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    Lead sleds are not kind to your gun. Guns are made with the understanding that your shoulder moves back at the shot. Clamping the gun into a sled that doesn't move is like running your car into a brick wall. Things tend to break and slip. That's my two lincolns.

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    Member Eastwoods's Avatar
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    Cabelas has a slip on soft rubber butt pad (only about 1/2") that I use some times while shooting my 375 H&H. Works good.

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    I have a sand bag that I put between the rifle and my sholder; it works in shirt sleves. It is about 1" thick. Us wimps need something like that. J.

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    Default Lead Sled

    Quote Originally Posted by woundedknee View Post
    Lead sleds are not kind to your gun. Guns are made with the understanding that your shoulder moves back at the shot. Clamping the gun into a sled that doesn't move is like running your car into a brick wall. Things tend to break and slip. That's my two lincolns.
    Au Contraire - That's what so nice about the Lead Sled, it does move. It just slows the recoil impulse, softening the blow. The old shooting vises were the ones that would eat up scopes and stocks, they just held the gun in place with little or no movement. I've started useing a Lead Sled the last couple years and I really like them. If you loaded the shot on the sled and also put some on top of the rifle to hold it down then you would reduce movement enough that it would cause problems on hard kicking rifles.

    Woody

  12. #12

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    Quote Originally Posted by MontanaRifleman View Post
    AlaskaCub, I guess it depends on wht your def of physical hurt is (grin) and I have worked on technique and will continue to do so.
    Yeah I guess I mean, its not gonna jump out of your hands and hit you in the head with the barrel...grin

    Recoil is a funny thing, I loaned a buddy a 300WM and ammo for a moose hunt years ago and I had it sighted in perfectly. He had serious issues with recoil (I dont know why). He took it to Cushman and fired it one time at the range and was like 7" high and 7" to the right. He never fired it again.....till his moose hunt. He called in a bull from a long ways out and punched it right behind the shoulder at 200 yards. I asked him later about recoil and he couldn't even recall whether or not it kicked. I laughed and teesed him for years about it. The chiznit is all in your mind, I'd tell him.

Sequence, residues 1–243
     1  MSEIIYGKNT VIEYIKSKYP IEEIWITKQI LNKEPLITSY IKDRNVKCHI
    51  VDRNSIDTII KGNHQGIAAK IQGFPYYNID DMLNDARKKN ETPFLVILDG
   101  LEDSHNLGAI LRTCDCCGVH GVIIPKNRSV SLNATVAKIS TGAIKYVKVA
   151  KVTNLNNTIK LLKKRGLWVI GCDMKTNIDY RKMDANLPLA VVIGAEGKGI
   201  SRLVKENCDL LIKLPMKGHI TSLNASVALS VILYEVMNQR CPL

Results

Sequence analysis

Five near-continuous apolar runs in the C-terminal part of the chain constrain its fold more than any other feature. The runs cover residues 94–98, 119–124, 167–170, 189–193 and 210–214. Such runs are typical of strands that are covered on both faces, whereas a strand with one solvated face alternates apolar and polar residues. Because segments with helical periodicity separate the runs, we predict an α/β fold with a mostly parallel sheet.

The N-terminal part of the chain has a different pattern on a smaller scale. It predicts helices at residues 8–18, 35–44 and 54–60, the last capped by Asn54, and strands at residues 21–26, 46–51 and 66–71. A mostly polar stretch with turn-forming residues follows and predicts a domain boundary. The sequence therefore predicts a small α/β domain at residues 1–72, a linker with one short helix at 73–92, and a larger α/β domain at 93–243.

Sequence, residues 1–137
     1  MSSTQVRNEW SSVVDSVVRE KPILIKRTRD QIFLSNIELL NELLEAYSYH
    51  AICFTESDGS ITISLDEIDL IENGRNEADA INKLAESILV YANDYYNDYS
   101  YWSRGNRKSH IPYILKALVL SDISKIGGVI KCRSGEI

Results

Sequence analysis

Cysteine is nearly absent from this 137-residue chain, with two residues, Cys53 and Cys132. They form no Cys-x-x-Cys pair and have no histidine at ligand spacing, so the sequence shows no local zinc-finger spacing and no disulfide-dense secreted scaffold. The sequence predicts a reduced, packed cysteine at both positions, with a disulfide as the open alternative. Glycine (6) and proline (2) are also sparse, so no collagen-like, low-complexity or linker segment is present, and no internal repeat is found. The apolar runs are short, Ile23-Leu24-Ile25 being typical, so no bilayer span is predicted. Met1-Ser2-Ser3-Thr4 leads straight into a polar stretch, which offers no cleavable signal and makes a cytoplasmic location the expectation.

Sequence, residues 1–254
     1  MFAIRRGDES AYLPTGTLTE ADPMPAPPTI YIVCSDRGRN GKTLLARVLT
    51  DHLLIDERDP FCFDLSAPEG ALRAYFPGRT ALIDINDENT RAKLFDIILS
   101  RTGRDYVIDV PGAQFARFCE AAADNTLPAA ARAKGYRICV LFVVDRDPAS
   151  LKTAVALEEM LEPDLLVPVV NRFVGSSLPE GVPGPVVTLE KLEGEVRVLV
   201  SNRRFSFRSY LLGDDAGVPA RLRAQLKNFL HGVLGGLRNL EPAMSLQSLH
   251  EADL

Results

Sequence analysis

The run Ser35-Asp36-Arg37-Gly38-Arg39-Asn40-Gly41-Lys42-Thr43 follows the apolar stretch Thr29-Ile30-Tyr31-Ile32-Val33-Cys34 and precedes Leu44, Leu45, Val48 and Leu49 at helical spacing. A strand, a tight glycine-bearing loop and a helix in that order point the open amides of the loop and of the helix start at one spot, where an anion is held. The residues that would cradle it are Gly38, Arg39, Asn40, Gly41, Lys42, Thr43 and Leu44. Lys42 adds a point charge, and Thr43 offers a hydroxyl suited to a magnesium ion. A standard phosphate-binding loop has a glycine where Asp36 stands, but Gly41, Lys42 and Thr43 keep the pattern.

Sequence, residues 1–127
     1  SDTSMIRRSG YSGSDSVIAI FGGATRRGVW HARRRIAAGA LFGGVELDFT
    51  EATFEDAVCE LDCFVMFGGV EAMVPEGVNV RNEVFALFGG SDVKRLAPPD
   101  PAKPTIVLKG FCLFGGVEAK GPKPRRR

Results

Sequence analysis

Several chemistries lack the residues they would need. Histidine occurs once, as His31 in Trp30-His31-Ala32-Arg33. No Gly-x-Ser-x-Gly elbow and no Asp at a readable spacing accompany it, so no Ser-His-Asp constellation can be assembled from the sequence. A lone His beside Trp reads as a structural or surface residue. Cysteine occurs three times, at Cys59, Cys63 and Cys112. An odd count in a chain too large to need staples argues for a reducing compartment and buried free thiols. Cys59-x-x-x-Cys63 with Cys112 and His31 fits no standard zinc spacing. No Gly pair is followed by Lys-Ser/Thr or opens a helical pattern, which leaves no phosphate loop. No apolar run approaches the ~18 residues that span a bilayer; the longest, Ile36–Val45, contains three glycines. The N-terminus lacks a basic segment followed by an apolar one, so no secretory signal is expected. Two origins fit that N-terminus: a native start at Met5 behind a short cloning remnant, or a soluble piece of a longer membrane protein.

13. #13

    Thumbs up Limbsaver

    I put the limbsaver pad on my 338. It's affordable and takes the sting out. You still don't want to shoot more than a box or 2.

  14. #14
    Member Big Al's Avatar
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    It should come as no surprise to anyone here, the lead sled is made to hold several bags of lead shot in the tray. The vary best way to go (not cheap) is a Vias break and a hydro-coil stock. Or you can add one or two mercury recoil reducers to the butt.

    The poor mans way would be to cast a lead weight and hollow out the butt stock and cover the weight with the recoil pad.
    "The tree of liberty must be refreshed from time to time with the blood of patriots and tryants." (Thomas Jefferson

  15. #15
    Member Ak Fireman's Avatar
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    I've found that increasing the length of pull can really have an affect on the felt recoil. I also believe that recoil is mostly in the shooters mind accept when there is a real risk of getting injured by the scope or in my case when I would shoot my 416 rigby CZ with the factory American stock my thumb would hit(punch) my nose. I was able to get around this by not laying my thumb over the top of the stock, needless to say the stock would jump and I would have to be reminded what day it was, and where I was at after shooting it. I added two inches to the stock and turned it into a Cadillac to shoot, I then felt safe enough to put a scope on the rifle. I have sense replaced it with a Mcale from Mcmillan with the 3 way adjustable butt plate giving me a LOP of 15.5" making it very comfortable to shoot. My 300 win mag in a Mcmillan Lazzeroni is at 14.5" it to is very comfortable to shoot. My 338 win mag is in the factory XCR at 13.25" and while the recoil doesn't bother me I did have to move the scope as far forward as possible to keep from getting kissed. My friend at Mcmillan was telling me that moving the center of balance away from my shoulder would definitely change how the gun recoiled. He also said my requested LOP sounded a little longer than average, so I went in there and was fitted to the stock and he said that yes I did require a longer stock.

    I guess my point is this. I have such complete trust in comfort for my 300 and my 416 that it is practically second nature to shoot them and while the 338 is not the boomer of the Rigby. I've found it is more difficult for me shoot accuratly because it feels almost toy like. I do however like the lighter weight of it and as long as it doesn't split my brow I will just learn to shoot it better.